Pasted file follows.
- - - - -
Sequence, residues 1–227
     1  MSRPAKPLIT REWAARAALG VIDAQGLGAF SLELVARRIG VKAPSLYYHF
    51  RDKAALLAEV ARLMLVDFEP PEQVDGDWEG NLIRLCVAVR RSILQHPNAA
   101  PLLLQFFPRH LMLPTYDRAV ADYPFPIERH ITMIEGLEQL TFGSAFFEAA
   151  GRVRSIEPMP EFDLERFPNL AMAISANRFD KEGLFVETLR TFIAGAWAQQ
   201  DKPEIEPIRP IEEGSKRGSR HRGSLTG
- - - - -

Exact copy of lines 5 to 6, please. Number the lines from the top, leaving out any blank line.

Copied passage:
   151  GRVRSIEPMP EFDLERFPNL AMAISANRFD KEGLFVETLR TFIAGAWAQQ
   201  DKPEIEPIRP IEEGSKRGSR HRGSLTG